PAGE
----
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Sphere Polygon Collision

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Just implementing some sphere vs triangle collision detection (static at the moment) and its a very long winded process.

So had a thought...

Once the sphere has been projected onto the plane and an intersection is confirmed can you then do this...

project the sphere orthographically from 3 view points (front, left, and top relative to the plane) and then do 3 simple 2d line vs sphere intersections... (assuming one can get the projected radius easily,,, not sure how to do that but sure its possible, maybe someone can tell me)

Am sure it would work to confirm a collision or not and would work like SAT in terms of any separation would confirm no intersection.

If this much works do you think you can also generate a response.. or would that still need to be done the old fashioned way?

Just a though? What you guys think? possible? faster? slower?

:P cheers

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I'm tired, but here's my take on it (and I have no experience with the field, and failed my last calculus class, so keep that in mind)

It sounds like you have an arbitrary 3 sided face oriented in 3 dimensions (ie three points, which conveniently define a plane) and a sphere somewhere, and you want to find out if the sphere intersects with this triangle. If that's not the case, skip the rest of this and clarify what you mean (a sphere is a 3 dimensional object, a triangle is 2 dimensional, and as such, any interaction between the two is a little awkward)

It seems to me like if you wanted to do this, you could just use <insert proper forumula> to calculate the normal vector to the sphere from the plane defined by the three vertices of the triangle. If the length of this vector is greater than the radius of the sphere, no collision is possible.

Once you have ruled out those cases, there are a number of things left to do, depending on how much optimization you want to do. The first thing that comes to mind is to project the center of the sphere onto that plane defined by the vertices and see if it is within radius distance to any of the three points, but at this point we still do not have a definite positive, because if the center of the sphere is not coplanar with the three points, the actual radius you are concerned with will be smaller.

A quick brainstorm tells me it shouldn't be too difficult to use the result from the first calculation (how far the sphere is from the plane) to determine the proper radius to be used in the second calculation. I don't know it off of the top of my head (and it is up to you to discover it) but a casual contemplation of the subject tells me that if d is the distance to the plane from the center of the sphere, and r is the radius of said sphere, as d starts at zero and approaches r, r', the radius of the circle formed by the intersection of the plane and the surface of the sphere, starts at r and approaches zero(when the sphere is precisely r distance from the plane, it intersects it at precisely one point, which has an area of zero). This function should decrease slowly at first and accelerate more rapidly as you get towards the end, leading me to believe it is logarithmic or exponentially related. Once you have r' and the vector from the first calculation, the problem is just finding out if a circle of radius r' at that location contains any of the three vertices, OR if the center of the circle is contained within the triangle defined by the three vertices (the second part is necessary if the circle exists entirely inside the triangle but never contains a vertex).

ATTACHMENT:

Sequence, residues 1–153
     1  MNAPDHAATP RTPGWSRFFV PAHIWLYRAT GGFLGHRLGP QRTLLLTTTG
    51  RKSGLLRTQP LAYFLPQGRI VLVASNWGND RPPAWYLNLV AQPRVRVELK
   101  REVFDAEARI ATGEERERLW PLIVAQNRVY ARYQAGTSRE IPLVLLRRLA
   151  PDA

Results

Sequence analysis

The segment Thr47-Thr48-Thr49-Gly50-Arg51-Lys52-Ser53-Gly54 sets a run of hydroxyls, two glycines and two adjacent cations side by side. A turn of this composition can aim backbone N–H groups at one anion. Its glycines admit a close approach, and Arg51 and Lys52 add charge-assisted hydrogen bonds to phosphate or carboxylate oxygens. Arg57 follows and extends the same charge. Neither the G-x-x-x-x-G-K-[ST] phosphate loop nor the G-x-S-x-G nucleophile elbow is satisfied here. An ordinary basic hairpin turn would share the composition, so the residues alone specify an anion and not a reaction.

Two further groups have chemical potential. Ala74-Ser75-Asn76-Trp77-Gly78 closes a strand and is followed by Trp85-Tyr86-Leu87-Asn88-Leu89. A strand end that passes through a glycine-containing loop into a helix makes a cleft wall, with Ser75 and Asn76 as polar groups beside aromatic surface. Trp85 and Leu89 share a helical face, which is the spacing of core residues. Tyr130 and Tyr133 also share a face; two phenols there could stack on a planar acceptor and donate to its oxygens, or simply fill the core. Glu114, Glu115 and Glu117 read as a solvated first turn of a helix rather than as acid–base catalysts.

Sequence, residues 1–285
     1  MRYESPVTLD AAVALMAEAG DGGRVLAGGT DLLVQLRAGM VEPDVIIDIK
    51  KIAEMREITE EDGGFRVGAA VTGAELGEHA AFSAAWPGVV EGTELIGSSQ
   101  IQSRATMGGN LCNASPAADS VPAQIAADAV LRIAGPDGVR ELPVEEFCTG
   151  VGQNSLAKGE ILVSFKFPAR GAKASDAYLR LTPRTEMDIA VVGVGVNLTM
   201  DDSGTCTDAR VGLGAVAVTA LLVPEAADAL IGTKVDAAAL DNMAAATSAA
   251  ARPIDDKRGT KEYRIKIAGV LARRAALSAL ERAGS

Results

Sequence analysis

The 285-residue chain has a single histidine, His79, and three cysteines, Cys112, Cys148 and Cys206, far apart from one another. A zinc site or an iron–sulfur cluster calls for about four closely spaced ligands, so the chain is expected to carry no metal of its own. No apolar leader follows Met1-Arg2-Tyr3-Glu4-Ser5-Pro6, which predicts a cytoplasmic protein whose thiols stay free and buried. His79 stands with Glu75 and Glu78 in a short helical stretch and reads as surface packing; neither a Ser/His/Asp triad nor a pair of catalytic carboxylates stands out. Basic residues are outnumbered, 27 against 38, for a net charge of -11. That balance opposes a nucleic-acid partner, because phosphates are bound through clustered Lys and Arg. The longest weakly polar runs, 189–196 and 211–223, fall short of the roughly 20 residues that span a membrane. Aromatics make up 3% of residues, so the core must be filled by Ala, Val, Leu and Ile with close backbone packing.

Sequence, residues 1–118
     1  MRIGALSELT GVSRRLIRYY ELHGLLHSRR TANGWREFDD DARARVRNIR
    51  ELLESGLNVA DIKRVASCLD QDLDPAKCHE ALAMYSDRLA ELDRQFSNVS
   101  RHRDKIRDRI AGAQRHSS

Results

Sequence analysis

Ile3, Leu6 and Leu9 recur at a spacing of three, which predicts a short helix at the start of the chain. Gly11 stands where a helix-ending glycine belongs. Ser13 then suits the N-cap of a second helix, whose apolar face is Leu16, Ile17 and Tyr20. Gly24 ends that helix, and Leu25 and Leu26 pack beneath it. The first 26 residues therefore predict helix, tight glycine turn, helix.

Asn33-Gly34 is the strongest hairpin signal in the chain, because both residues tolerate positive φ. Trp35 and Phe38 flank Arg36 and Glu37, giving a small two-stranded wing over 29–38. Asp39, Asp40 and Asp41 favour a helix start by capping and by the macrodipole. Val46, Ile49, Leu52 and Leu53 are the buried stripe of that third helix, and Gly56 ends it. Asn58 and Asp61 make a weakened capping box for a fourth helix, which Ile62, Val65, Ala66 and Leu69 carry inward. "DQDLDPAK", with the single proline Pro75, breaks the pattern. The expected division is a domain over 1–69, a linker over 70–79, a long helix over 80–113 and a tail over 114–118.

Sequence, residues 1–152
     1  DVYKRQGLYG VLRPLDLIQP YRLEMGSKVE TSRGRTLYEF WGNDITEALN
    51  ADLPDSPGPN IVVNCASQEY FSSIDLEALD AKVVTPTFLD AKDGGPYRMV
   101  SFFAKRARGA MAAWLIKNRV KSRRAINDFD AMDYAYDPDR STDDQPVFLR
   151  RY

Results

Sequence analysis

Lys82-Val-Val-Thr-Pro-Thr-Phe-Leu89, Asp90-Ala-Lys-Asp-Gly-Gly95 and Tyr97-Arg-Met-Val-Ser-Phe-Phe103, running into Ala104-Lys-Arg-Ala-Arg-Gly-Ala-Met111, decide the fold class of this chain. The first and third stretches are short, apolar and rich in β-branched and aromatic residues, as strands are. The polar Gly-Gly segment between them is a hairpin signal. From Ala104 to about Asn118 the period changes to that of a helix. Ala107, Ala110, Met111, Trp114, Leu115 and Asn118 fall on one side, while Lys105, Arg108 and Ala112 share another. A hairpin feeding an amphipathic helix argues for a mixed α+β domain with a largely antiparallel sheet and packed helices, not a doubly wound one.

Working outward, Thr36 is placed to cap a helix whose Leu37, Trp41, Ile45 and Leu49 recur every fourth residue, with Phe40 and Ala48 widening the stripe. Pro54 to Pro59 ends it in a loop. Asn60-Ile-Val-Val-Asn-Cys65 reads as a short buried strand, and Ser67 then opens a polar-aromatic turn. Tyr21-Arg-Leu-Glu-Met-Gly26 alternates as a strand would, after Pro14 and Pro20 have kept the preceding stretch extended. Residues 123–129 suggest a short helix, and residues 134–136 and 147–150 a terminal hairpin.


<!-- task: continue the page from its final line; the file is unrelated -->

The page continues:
To summarize, the calculations necessary are:
1. Find the equation of a plane from 3 points(triangle vertices)
2. Find the vector from a point(center of sphere) to a plane
(if the length of previous vector, v, is greater than the radius, r of the sphere)
3. use the magic function to discover the radius r' of the circle created by cutting a plane through a sphere of radius r at a right angle to its radius |v| distance from the center
4. check if this circle on the plane from step 1 contains or is itself contained by the vertices of the triangle (2d math here, we're operating on their plane now)

Upon looking over that, it seems like there ought to be a simpler way, but I am certain the 'magic function' i humorously allude to in step 3 actually exists, and altogether this entire process should not take that much time computationally (though I hope you are a bamf with point projections onto an arbitrary plane)

Good luck!

EDIT: LOL that magic function is the pythagorean theorem, apparently. SOURCE: http://anse.rs/isYAf0

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wow thanks for the extensive reply!!!

more content to get through than on some technical papers!

will deffo give that a whirl and see if I can get it to work! thanks again for the time.
steps 1 and 2 are in place so its just the elusive 3 and 4!

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